Yesterday I had two jobs that were both dealing with someone who wasn't physically ill, but were driven to illness by their emotional state – and if they could swap places they would both be much happier.
First was 'Betty', Betty is 92 and lives in a nursing home where she feels tired and generally depressed. She wants nothing more than to go home and live independently – but her needs have been assessed and she requires nursing home care. Because of her depression she has been refusing to eat or drink and the nursing staff at the home have eventually realised that this is not good for Betty's health – so we are called and Betty is sent to hospital – all Betty wanted to tell me is that she wanted to go home as she doesn't like the nursing home.
Our next job was for 'Gladys', Gladys is 95 and lives on her own, she is partially blind, a bit deaf and craves company, because of her sight she cannot read or watch television. We were called because Gladys was having chest pain, and Gladys told me that her chest pain stops when she talks to someone and has something else to concentrate on. She was very happy when we told her that she was going to hospital, and I had a good chat with her in the back of the ambulance during which her pain disappeared, and she explained how lonely she is.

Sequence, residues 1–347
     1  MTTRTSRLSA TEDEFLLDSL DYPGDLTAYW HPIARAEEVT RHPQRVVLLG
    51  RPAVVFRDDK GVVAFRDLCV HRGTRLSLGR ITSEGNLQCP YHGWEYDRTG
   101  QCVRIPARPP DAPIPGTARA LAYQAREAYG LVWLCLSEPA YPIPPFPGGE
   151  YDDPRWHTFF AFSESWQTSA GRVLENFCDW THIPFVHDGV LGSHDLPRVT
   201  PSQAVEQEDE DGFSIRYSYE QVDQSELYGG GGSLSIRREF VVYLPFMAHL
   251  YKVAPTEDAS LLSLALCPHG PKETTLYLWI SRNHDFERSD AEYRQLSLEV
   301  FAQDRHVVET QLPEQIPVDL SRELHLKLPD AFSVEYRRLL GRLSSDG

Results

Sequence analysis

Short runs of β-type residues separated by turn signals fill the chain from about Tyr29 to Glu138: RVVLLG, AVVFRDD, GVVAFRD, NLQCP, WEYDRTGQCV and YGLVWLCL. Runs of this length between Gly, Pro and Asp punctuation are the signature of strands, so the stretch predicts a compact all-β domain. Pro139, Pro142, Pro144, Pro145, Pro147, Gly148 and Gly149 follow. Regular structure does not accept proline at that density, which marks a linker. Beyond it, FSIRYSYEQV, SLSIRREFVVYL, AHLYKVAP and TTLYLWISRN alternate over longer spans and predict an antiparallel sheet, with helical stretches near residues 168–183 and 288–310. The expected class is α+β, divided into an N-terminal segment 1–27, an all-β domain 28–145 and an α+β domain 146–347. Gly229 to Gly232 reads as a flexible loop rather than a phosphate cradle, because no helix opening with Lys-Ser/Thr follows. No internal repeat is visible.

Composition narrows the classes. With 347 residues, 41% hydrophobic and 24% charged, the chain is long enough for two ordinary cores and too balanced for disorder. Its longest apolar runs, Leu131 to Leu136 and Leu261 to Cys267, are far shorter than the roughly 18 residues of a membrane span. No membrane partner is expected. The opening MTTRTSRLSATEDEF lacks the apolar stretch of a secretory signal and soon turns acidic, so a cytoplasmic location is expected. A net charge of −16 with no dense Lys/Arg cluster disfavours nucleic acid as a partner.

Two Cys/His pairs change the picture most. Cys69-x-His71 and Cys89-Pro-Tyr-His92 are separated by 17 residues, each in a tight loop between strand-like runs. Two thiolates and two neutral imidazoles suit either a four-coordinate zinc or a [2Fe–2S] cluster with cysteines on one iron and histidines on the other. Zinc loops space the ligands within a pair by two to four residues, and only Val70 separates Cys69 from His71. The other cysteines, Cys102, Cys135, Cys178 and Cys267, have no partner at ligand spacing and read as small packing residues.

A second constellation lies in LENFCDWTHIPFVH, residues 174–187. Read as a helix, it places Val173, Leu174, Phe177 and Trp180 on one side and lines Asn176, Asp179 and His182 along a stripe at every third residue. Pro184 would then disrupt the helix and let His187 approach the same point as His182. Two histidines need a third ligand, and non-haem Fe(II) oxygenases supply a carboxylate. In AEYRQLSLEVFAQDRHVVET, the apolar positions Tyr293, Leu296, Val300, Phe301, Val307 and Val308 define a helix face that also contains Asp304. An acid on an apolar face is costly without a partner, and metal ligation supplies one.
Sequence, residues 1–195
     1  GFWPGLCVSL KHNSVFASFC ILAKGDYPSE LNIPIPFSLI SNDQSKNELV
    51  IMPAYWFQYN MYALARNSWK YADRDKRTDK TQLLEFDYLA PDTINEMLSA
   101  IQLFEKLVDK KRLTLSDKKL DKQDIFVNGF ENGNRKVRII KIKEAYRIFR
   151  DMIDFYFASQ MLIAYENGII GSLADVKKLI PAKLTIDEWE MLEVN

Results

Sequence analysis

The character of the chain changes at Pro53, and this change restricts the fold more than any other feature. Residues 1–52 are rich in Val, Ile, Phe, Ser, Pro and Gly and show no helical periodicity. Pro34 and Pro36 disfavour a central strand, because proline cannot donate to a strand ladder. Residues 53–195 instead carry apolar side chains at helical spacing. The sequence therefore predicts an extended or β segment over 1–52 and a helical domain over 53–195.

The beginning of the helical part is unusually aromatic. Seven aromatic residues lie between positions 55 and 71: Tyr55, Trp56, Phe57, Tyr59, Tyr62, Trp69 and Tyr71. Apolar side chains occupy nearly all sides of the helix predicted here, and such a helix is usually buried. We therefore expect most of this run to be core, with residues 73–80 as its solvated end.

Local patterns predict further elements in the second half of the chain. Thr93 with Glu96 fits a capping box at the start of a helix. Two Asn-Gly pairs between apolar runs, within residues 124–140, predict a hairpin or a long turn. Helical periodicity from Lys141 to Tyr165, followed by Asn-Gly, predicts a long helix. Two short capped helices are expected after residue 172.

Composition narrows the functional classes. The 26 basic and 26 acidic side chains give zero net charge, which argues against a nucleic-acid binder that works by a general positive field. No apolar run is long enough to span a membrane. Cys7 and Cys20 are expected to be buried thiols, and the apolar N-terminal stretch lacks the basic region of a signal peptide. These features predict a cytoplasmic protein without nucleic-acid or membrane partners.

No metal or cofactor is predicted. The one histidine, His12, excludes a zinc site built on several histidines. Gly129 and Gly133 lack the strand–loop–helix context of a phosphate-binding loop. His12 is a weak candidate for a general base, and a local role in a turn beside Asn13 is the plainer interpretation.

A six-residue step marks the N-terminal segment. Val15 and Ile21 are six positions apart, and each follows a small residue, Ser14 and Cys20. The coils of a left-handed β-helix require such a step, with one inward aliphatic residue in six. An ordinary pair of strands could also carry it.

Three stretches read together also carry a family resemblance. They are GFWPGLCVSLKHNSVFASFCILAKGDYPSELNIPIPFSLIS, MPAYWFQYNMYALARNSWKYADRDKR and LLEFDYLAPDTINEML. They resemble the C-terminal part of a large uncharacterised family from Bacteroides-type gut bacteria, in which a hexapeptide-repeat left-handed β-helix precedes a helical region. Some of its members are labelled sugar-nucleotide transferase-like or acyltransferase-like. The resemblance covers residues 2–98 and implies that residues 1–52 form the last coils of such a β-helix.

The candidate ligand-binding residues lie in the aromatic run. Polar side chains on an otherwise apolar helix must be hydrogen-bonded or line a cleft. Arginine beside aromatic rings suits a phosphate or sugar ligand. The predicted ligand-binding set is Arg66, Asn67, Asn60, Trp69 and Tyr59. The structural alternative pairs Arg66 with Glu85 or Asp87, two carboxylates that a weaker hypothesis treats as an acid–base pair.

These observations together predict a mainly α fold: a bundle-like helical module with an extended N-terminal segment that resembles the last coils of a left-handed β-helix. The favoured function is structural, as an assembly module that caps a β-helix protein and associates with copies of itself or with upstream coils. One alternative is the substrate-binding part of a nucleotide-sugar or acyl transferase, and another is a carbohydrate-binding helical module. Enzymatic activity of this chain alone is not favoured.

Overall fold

I don't know if it's because I'm tired or because the weather is bad – but I felt a great deal of sympathy for both of these patients, neither of them were happy, yet after 90 years of life shouldn't we have at least some small measure of contentment? One is surrounded by nurses, who see her as another body, few of which are of Betty's culture and she desires a more independent life. The other is isolated in her home, desperate for some human contact, whose only friend is the schizophrenic who lives next door – she would be happiest where there are other people around.
If I had a magic wand to wave, I'd swap these two women and give them, in their twilight years, a chance to be happy again.